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Bright Moments With Terence Blanchard

The trumpeter-composer remembers some of his greatest sessions

Terence Blanchard and Donald Harrison
Blanchard and Donald Harrison (left) play with Art Blakey's Jazz Messengers at New York's Village Gate in 1986, the same year they formed their own influential group. (photo: Alan Nahigian)
"We didn't realize how big a sound we had gotten," Blanchard says of his E-Collective. From left: bassist Donald Ramsey, keyboardist Fabian Almazan, Blanchard, guitarist Charles Altura and drummer Oscar Seaton (photo: Brandt Vicknair)

When trumpeter Terence Blanchard replaced Wynton Marsalis in Art Blakey’s Jazz Messengers in 1982, he was just 19. Yet alongside another new member, saxophonist Donald Harrison, he quickly helped shape the Messengers’ sound, contributing tunes that made their way into primary positions on recordings and taking on the group’s musical director responsibilities.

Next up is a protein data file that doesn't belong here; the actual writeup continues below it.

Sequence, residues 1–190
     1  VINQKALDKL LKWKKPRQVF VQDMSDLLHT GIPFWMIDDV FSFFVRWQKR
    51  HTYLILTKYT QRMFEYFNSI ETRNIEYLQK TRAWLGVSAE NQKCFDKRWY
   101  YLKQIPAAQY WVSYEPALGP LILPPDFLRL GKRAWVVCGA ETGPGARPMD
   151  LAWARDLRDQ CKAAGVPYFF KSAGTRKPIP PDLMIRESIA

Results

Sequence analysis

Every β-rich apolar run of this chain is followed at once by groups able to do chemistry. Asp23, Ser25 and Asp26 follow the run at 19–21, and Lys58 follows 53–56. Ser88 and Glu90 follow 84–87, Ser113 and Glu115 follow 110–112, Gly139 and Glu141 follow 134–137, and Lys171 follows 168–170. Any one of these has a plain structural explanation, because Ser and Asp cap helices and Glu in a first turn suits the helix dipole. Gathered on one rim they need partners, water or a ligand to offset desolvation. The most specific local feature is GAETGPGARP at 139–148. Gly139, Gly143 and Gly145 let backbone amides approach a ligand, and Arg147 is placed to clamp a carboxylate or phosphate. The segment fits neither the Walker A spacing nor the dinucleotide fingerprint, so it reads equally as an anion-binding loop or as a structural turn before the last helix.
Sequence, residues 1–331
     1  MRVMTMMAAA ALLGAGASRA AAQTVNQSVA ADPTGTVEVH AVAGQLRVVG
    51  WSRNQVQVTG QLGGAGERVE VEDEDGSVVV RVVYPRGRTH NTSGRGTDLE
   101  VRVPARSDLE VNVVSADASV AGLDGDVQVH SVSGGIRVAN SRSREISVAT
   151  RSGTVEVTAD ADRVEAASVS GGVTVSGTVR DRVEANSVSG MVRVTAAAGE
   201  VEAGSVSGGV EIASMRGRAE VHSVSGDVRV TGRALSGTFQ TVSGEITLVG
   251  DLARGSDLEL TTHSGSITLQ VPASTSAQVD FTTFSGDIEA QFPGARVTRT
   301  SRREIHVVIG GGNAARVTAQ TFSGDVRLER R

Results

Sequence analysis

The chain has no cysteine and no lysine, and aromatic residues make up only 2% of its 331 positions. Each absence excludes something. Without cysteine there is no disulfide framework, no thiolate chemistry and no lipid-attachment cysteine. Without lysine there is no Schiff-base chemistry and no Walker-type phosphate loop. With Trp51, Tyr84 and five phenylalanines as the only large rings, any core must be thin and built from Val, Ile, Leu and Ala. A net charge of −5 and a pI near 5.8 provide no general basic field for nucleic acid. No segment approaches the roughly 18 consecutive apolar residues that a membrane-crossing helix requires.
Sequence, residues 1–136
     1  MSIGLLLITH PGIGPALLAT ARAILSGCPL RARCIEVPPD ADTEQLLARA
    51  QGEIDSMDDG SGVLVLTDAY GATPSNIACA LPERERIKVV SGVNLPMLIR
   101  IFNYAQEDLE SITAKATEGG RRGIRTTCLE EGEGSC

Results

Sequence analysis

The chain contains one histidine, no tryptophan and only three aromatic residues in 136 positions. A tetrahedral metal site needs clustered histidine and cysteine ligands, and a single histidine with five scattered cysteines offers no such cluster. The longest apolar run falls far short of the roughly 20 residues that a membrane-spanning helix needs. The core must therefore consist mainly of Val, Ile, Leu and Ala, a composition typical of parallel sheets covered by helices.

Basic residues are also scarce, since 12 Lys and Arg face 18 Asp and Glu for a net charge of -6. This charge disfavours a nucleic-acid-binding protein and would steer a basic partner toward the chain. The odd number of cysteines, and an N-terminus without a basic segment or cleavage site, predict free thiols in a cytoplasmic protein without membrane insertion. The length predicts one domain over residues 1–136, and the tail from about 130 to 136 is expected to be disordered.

More than three decades later, Blanchard’s leadership as a player and composer informs realms beyond his own projects and even jazz in general. Part of that has to do with the humanism with which he approaches his art. He stresses the value of exchanging ideas, and has remained committed to the Blakey ethos of developing younger players. In his own changing lineups, he’s long been known for encouraging all members to write and contribute original music.

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